Social media

On one level, I can say that social media is here to stay and that one cannot get away with it. However, some people are also using it as a fad. Many companies want to be there on social media because it is fashionable. If we remain a collective society social media may diminish, however, if we become an individualistic society, social media is the only way to stay connected. Today, India is the second or third largest country on Facebook and Twitter. A lot of it is relevant. Finally, we have our own echo system – I go back to my own community or society people. Sunday mornings are spent having breakfast or watching a movie together with family, but if there is an escape mechanism here then social media would always remain on the fringe. If you are left by yourself for four to six hours a day, then it becomes tough and you need social media.




‘Consumers are equal participants in terms of value creation’


By CVL Srinivas


At the start of the calendar year 2013, we at Group M projected an approximate nine per cent growth rate for the advertising industry. The first six months from January – June went pretty well. As an industry, we did better than what we had projected. As per our estimates, we grew 15 per cent in the first six months of the year. However, July onwards things definitely started slowing down. The sentiment was a bit negative towards the end.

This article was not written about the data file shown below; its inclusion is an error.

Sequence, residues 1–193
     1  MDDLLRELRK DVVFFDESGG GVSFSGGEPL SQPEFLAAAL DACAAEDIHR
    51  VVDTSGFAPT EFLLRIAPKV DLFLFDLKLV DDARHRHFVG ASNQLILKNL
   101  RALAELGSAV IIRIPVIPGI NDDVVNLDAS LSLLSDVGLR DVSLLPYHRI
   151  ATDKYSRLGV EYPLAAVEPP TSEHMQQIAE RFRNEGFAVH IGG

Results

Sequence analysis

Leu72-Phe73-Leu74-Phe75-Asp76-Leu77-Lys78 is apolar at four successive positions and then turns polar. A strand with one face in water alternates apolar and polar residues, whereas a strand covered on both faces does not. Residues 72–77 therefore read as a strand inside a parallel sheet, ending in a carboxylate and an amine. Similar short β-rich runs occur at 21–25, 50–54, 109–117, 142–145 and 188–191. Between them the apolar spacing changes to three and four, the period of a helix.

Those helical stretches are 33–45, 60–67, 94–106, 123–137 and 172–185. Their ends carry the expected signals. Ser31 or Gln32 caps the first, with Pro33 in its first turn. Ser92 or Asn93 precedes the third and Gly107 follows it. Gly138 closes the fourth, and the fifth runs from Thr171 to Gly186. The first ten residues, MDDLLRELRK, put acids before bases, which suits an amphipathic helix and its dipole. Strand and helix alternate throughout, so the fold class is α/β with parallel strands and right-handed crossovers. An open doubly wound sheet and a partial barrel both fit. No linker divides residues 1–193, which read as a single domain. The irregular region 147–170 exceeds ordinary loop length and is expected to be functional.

Consumer offtake

What we pick up from our clients is that consumer off take has slowed down in the last few months. There is a slowdown in terms of discretionary and premium items being purchased. Overall slowdown and sluggishness seems to be more in the top tier cities. As far as the smaller towns or the rural markets go, the results published by large FMGC companies have shown a pretty decent off take in terms of rural demand. Given that we had a good monsoon, and given all the schemes being announced by the Government, it appears that going forward rural demand should not get impacted much.


Increasing consumerism